64m Turntable Ladders

are the tallest aerial appliances in Europe.

The first of three 64m Turntable Ladders (TLs) in our fleet has now become operational. Located in Dagenham it will be followed in early 2022 with 64m TLs at Old Kent Road and Wimbledon – providing cover across all of London.

The new 64 TLs in action.

How we’ll use them

The 64m TLs will be used at incidents when a crew needs to get water up to height, when a high observation platform will provide valuable insight into how the incident is developing, and where rescue is required from height.

Features and functionality

Our 64m TLs are Magirus vehicles built at Emergency One in Glasgow.

Pumping water

The main purpose of the 64m TL is to provide water from height at incidents. The ladder has its own internal pump and will be accompanied by a fire engine to ensure that there’ll be an immediate water supply ready to tackle fires.

Rescuing people

The 64m TLs are twice the height of our next tallest appliance, so can reach heights of up to approximately 20 floors. They feature an onboard lift that can be used for mass casualty rescue if conditions are suitable.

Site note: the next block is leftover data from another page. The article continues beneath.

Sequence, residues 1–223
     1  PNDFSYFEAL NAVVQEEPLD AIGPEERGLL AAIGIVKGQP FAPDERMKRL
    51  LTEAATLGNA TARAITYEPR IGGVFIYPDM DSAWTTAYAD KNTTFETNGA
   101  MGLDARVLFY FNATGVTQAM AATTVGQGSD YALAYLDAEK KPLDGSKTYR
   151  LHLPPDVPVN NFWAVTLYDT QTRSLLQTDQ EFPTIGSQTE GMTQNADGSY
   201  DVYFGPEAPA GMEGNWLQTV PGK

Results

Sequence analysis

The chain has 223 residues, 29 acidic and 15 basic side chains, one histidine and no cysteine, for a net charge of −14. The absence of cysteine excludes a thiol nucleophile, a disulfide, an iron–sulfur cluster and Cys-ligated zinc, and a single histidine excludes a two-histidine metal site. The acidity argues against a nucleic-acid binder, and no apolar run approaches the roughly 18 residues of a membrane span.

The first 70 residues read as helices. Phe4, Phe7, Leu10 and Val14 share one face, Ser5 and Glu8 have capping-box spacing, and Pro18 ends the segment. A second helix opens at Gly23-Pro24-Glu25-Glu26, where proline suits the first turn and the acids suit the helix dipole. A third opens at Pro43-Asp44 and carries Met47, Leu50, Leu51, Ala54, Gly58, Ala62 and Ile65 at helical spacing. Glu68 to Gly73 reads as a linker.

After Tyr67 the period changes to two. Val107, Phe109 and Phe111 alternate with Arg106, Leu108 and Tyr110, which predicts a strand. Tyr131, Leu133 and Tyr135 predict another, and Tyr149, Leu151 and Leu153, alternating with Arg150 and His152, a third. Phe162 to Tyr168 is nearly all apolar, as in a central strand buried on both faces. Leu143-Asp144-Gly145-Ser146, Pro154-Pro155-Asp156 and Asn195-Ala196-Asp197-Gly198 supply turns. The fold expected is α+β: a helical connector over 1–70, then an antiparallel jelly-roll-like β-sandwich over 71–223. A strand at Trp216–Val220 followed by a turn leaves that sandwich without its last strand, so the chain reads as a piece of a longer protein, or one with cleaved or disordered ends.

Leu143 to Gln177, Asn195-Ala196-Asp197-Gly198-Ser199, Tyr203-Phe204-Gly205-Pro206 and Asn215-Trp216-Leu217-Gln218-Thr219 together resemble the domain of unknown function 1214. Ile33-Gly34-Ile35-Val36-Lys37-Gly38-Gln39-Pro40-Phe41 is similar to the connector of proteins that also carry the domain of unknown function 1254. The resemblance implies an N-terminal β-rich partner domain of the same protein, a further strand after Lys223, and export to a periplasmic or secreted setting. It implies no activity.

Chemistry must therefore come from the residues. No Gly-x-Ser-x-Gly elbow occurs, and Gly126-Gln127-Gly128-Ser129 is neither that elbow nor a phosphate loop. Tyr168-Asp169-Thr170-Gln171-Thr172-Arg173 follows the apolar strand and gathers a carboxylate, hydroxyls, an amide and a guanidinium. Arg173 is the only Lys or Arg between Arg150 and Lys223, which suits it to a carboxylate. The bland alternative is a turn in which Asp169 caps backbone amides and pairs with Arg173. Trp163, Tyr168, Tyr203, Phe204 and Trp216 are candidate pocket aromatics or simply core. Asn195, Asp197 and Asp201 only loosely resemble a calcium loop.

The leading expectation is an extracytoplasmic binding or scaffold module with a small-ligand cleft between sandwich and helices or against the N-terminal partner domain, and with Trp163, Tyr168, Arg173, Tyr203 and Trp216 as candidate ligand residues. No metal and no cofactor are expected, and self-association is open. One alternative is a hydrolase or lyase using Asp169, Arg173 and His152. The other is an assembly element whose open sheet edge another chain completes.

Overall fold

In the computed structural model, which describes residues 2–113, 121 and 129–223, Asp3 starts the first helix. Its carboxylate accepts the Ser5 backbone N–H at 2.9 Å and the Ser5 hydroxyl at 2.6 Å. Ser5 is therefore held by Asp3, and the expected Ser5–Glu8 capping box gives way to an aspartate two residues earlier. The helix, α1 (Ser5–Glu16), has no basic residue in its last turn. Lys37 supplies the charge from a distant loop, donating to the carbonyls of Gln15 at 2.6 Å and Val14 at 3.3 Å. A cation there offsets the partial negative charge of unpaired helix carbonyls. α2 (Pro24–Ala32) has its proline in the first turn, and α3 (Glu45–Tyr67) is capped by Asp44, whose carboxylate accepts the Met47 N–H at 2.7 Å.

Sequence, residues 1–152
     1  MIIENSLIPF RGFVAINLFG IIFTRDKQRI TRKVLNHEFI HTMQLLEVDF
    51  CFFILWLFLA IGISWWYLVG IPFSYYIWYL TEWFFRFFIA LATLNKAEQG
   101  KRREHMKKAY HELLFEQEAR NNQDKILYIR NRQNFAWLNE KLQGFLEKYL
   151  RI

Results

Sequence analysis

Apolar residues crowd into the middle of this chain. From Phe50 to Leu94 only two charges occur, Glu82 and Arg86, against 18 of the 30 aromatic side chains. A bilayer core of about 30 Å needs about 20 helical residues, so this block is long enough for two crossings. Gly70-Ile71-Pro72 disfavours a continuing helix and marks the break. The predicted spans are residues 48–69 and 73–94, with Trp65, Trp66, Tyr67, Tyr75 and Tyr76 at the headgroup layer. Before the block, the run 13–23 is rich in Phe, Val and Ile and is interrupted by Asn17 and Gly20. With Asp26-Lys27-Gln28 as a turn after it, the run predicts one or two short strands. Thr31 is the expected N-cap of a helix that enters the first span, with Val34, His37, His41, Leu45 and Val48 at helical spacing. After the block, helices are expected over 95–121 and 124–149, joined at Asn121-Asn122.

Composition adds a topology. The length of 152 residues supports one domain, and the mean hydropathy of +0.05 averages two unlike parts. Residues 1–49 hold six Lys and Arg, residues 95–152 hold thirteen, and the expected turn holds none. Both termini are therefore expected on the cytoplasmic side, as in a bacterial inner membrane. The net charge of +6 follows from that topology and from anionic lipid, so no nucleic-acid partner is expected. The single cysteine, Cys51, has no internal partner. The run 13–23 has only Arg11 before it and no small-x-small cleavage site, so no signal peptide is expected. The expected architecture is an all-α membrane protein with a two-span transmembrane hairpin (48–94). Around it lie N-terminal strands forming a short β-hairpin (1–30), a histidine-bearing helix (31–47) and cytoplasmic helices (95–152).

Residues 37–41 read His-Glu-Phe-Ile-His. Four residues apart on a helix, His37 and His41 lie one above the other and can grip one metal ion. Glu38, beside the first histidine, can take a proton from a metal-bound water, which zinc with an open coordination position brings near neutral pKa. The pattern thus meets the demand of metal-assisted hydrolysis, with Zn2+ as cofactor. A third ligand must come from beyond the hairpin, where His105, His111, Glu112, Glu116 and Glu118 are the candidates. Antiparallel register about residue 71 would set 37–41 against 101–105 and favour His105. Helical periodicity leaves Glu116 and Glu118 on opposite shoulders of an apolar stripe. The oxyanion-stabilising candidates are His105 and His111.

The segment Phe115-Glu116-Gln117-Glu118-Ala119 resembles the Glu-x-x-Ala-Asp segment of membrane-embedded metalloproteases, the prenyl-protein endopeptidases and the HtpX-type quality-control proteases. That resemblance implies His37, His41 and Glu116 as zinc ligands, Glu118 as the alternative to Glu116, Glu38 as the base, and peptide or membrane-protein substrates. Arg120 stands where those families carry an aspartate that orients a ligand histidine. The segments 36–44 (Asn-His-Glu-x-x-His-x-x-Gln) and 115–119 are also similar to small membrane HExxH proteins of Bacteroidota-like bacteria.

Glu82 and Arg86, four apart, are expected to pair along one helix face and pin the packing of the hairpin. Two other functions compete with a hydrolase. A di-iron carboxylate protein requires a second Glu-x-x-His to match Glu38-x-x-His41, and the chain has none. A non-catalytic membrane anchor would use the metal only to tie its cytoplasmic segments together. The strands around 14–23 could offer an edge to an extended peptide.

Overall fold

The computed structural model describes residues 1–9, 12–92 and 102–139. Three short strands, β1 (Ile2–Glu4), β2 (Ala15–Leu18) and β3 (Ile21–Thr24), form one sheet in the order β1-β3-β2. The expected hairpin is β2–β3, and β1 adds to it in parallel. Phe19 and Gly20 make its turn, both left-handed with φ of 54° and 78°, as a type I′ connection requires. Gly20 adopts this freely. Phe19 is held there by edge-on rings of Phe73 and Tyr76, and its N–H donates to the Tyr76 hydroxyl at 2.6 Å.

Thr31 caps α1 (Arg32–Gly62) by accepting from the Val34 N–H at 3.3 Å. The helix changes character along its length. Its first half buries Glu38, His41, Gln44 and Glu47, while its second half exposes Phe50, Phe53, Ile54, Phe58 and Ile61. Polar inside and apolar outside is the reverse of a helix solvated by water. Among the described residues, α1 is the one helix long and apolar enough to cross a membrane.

Cameras positioned at the top of the 64m TLs give incident commanders an aerial view of an incident which helps their situational awareness and ability to develop tactics. Officers will also be able to view live-streaming images from the 64-metre cage, and thermal-imaging technology provides even more insight.

Cameras on a 64m turntable ladder


The rear wheel steering feature of the new 64m TLs means that although they’re physically bigger than our 32m TLs, they’re still highly manoeuvrable and are remarkably easy to steer through London’s narrow streets.


Flexibility has been built into the design of the 64m TL. This means that the ladder may curve in the wind, but that the movement is dampened. In-built sensors alert the crew if weather conditions mean the ladders can’t be used safely at its extended height.

Water monitor at the top of a 64m turntable ladder

Training required

All operators need be trained in how to use the 32m TLs and are then required to complete a five-day 64m TL operator course. This course covers all aspects of the operation of the 64m TL including the use of the rescue lift and the onboard pump. Operators will learn about the inbuilt safety systems and failsafe mechanism giving them the confidence that this new capability is as safe and effective as it can be.

A three-day driving course is also required which involves a dedicated day for learning manoeuvring skills.

Aerial support pump crews need to complete a one-day course.

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